Tornado Disaster: It came like a jet plane - nothing in science could halt it

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DEREK SINNES stands by the empty space that was once occupied by his trailer home. Yesterday, all that remained were the cinder blocks that used to hold it off the ground. I ask him what became of his home of 21 years and he gestures helplessly to the tangled mess before him.

His used to be the first trailer at the entrance of the Lakeshore Mobile Home Park just south of Wichita, Kansas. The park was among the multiple devastation zones struck by the tornadoes that ripped through parts of this state and Oklahoma late on Monday.

In most houses, hurricane warnings would have sounded: the hurricane sirens linked to the government system, or the weather channel radios, which switch on automatically.

Oklahoma has an average of 52 tornadoes a year and more than 200 people have been killed since 1950. But few of them have been of this intensity. There have been only fifty tornadoes categorised as F-5 ("incredible") since 1950 and even fewer F-6s, officially designated by the government as "inconceivable".

Although scientists know in some detail how and why tornadoes form, there is much that they do not know about why sometimes apparently similar conditions produce different sizes of tornado. And timing is still the crucial factor: storms form very quickly and tornadoes form out of them in minutes. That often leaves little time to warn residents.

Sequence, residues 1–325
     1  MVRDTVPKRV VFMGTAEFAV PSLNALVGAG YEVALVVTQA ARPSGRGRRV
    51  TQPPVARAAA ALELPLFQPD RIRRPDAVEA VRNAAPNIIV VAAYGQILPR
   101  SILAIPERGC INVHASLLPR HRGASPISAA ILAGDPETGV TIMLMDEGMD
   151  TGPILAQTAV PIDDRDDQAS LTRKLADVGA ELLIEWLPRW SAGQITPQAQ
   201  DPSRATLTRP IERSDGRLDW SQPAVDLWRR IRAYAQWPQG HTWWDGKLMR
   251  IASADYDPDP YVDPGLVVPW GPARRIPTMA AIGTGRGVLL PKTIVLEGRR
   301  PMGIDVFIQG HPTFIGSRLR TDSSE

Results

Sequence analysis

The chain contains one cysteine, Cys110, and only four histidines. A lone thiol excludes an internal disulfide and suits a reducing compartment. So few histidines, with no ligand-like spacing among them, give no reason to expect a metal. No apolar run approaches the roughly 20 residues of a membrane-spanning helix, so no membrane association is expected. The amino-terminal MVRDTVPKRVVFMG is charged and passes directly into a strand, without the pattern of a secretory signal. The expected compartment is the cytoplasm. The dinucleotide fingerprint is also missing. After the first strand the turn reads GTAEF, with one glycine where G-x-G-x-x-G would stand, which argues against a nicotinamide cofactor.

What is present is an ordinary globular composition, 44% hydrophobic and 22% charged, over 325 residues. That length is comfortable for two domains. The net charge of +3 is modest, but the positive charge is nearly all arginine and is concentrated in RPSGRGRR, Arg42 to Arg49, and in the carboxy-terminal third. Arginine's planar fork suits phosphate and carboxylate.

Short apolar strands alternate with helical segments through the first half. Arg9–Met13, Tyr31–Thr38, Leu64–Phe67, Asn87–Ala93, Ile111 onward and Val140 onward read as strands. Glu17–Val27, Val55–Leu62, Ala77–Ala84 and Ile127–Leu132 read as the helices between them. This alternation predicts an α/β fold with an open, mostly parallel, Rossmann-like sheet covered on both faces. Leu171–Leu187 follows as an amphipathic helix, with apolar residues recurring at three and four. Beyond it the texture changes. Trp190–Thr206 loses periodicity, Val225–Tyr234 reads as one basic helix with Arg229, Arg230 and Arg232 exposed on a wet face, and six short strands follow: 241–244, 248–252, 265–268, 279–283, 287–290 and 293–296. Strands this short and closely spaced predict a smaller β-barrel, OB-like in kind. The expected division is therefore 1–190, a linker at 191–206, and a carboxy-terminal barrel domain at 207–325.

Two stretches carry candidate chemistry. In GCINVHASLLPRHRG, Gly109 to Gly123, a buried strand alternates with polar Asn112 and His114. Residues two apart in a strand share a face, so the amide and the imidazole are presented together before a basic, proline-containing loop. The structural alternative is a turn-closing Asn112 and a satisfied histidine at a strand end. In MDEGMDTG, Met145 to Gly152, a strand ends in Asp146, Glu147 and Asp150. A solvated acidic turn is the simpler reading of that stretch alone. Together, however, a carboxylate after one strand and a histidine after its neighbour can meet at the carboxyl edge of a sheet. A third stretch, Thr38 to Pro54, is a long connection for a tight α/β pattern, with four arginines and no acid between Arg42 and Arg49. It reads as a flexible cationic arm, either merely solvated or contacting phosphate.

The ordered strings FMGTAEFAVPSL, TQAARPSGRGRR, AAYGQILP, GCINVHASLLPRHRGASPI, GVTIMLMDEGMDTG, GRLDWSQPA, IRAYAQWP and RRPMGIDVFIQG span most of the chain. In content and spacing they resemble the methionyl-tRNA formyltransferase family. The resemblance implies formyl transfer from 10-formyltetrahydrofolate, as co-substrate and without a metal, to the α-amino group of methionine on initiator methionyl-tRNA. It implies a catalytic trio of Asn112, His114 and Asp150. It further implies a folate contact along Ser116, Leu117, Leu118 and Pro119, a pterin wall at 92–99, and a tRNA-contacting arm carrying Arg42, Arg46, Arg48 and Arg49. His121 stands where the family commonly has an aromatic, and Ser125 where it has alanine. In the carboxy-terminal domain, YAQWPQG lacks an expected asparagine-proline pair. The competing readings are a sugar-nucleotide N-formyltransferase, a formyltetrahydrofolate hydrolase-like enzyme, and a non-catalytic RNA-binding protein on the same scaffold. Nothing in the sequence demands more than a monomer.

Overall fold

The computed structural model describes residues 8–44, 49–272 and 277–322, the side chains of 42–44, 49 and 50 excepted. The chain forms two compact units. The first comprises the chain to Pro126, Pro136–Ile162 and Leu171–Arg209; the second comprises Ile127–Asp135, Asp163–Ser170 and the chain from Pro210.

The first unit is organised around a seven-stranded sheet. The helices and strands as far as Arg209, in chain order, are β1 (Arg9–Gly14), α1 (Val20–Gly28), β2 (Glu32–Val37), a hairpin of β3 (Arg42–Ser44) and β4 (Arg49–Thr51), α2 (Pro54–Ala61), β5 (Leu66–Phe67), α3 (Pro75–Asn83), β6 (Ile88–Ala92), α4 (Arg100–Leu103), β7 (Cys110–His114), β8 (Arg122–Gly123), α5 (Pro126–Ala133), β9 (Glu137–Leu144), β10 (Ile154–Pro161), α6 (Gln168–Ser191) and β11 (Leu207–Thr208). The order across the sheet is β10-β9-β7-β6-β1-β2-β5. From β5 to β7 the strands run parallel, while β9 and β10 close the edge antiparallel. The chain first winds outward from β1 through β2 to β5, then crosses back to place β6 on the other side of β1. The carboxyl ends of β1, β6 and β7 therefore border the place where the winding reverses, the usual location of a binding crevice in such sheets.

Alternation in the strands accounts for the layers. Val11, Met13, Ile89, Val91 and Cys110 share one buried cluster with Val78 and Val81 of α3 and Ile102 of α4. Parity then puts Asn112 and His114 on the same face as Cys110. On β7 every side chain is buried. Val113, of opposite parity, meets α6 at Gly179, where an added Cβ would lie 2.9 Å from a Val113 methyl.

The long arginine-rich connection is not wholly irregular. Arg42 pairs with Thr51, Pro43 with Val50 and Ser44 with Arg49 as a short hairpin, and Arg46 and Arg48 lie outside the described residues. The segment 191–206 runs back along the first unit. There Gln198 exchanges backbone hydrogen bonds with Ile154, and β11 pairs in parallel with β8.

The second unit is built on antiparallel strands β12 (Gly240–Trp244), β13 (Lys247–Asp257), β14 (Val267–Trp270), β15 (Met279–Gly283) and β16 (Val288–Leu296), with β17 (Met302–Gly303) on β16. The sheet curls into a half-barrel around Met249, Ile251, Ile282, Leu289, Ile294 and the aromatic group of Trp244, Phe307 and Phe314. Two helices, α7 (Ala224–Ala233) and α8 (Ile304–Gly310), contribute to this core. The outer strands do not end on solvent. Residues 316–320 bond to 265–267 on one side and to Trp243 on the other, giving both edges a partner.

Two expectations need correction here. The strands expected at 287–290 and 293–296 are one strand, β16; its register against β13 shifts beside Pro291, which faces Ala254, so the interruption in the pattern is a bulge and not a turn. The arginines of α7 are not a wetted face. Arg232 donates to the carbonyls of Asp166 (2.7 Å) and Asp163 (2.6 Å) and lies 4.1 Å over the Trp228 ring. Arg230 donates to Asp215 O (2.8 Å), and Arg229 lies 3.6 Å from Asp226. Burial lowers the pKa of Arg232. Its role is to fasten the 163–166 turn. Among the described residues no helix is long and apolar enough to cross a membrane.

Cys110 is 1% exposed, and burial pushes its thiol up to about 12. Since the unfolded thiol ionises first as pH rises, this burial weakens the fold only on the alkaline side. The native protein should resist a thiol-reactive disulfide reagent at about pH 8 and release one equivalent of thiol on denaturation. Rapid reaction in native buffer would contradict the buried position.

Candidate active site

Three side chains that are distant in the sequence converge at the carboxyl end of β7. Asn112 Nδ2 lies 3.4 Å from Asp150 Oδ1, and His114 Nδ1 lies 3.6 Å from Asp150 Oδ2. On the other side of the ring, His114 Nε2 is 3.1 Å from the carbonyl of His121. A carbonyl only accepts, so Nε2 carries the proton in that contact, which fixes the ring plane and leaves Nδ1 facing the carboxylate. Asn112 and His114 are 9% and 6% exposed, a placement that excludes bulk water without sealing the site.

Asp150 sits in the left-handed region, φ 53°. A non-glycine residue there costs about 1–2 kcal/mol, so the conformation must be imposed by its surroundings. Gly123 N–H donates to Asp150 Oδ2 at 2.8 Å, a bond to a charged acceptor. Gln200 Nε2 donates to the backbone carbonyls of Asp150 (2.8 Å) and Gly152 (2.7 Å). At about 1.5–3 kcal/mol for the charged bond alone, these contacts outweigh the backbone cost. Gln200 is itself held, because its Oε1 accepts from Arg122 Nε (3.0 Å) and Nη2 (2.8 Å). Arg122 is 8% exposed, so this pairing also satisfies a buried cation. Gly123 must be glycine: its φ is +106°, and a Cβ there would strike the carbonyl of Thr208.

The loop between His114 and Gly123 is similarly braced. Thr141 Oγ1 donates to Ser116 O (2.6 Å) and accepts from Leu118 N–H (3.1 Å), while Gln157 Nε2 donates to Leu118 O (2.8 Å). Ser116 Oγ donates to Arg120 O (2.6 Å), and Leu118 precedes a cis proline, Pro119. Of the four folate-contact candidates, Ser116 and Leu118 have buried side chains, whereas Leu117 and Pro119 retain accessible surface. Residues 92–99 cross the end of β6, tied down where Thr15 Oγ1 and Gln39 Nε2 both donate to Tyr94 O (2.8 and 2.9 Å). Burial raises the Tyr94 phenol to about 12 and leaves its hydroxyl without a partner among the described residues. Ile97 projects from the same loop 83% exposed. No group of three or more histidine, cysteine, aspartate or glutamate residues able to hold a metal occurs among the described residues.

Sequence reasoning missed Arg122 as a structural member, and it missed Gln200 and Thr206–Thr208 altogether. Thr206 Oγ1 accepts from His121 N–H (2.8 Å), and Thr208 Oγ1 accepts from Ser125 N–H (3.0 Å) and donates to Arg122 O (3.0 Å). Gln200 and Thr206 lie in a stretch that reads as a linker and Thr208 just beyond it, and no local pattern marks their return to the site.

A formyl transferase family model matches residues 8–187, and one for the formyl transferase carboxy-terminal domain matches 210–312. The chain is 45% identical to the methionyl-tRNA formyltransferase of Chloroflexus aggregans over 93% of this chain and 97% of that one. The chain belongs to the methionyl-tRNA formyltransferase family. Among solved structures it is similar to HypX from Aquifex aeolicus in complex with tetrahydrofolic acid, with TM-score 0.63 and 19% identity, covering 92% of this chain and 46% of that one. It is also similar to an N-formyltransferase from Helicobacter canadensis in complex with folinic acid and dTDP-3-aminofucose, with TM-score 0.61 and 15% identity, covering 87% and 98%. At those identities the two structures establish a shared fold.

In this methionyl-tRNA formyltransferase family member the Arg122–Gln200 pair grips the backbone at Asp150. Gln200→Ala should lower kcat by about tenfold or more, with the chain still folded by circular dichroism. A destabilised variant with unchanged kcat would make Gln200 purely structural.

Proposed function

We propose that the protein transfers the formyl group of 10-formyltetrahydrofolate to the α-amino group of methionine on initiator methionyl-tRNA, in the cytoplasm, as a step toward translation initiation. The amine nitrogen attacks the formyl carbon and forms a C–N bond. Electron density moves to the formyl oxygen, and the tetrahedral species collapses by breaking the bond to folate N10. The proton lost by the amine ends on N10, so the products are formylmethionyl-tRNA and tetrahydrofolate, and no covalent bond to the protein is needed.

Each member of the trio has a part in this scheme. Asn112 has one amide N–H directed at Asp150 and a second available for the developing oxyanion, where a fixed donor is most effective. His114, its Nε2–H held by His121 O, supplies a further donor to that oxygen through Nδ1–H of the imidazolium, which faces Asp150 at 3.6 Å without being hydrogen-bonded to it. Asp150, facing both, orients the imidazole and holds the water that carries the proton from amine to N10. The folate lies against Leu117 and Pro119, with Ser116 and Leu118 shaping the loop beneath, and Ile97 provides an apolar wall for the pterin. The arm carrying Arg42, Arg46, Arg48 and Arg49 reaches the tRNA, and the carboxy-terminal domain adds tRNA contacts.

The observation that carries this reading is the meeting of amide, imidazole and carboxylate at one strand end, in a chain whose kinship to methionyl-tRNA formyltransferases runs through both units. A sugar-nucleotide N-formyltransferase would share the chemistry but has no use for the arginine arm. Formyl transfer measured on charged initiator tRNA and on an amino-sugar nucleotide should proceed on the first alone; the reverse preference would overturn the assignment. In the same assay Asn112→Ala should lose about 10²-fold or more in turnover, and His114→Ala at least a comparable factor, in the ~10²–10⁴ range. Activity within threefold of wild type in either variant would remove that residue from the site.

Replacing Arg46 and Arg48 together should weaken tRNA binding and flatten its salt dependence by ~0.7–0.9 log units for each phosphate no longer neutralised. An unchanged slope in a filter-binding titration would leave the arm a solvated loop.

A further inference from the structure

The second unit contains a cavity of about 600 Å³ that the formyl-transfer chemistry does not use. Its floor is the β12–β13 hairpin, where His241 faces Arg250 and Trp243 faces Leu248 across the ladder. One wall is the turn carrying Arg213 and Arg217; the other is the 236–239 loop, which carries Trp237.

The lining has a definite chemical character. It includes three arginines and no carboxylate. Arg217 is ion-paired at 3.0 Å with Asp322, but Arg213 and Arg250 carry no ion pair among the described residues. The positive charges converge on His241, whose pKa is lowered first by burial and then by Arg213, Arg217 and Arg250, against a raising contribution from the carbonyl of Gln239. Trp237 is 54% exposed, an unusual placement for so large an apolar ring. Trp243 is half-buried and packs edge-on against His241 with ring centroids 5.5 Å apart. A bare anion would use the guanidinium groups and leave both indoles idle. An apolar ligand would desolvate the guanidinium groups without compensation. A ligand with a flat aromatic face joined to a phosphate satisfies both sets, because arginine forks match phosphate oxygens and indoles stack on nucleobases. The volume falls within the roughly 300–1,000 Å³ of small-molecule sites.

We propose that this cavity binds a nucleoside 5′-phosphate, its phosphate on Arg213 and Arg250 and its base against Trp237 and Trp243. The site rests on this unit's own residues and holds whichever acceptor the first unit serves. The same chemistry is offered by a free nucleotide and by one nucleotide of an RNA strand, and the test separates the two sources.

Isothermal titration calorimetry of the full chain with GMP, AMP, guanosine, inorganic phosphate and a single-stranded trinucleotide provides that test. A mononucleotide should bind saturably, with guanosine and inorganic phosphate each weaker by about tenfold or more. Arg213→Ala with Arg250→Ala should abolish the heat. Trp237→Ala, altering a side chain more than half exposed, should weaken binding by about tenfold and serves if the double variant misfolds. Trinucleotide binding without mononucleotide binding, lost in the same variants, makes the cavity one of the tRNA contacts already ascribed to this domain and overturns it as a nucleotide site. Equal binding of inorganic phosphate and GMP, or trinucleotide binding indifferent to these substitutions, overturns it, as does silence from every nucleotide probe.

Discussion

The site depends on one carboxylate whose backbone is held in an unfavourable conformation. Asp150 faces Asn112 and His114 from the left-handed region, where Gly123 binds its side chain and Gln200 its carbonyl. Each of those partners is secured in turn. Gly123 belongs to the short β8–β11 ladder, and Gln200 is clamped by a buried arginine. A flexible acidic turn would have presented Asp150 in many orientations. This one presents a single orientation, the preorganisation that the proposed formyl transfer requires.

After Monday's tornado, Mr Sinnes's plot is the only corner of the park that could be described as clean. Nature had vacuumed it for him and yesterday, like hundreds of other residents, he had come back to see what he could retrieve of his belongings. Allowed in by the US army just for the afternoon, they meandered in a numbed daze up and down what used to be the trailer park streets, pushing blue wheelie bins and filling them with whatever they could find.

For Mr Sinnes, 46, it was not much. "I found my dog down that way," he says, pointing to a blanket-covered body. But he is pleased because he has found his three hunting guns. In his hand, he grasps a small plastic bag of muddy cutlery.

The park resembled an enormous rubbish tip. A few trailers - out of the original hundred or so - are still standing, their sides punctured by wreckage propelled through the air by wind. Most had been picked up, mangled and dumped in great piles of unrecognisable debris. There is a smell of timber in the air, either from the snapped branches of eucalyptus trees or the mashed wood of walls and floors.

The trees offer astonishing testimony to what happened here. Those still vertical have been snapped into splinters. Many have parts of the trailers, shiny in yesterday's sunshine, wrapped around their limbs like sheets of liquorice. It is as if some monstrous machine descended upon this small place from the skies on Monday; it whirred and it chomped and then it spat everything out again. Some said the sound was like a jumbo jet or a train, coming through their houses.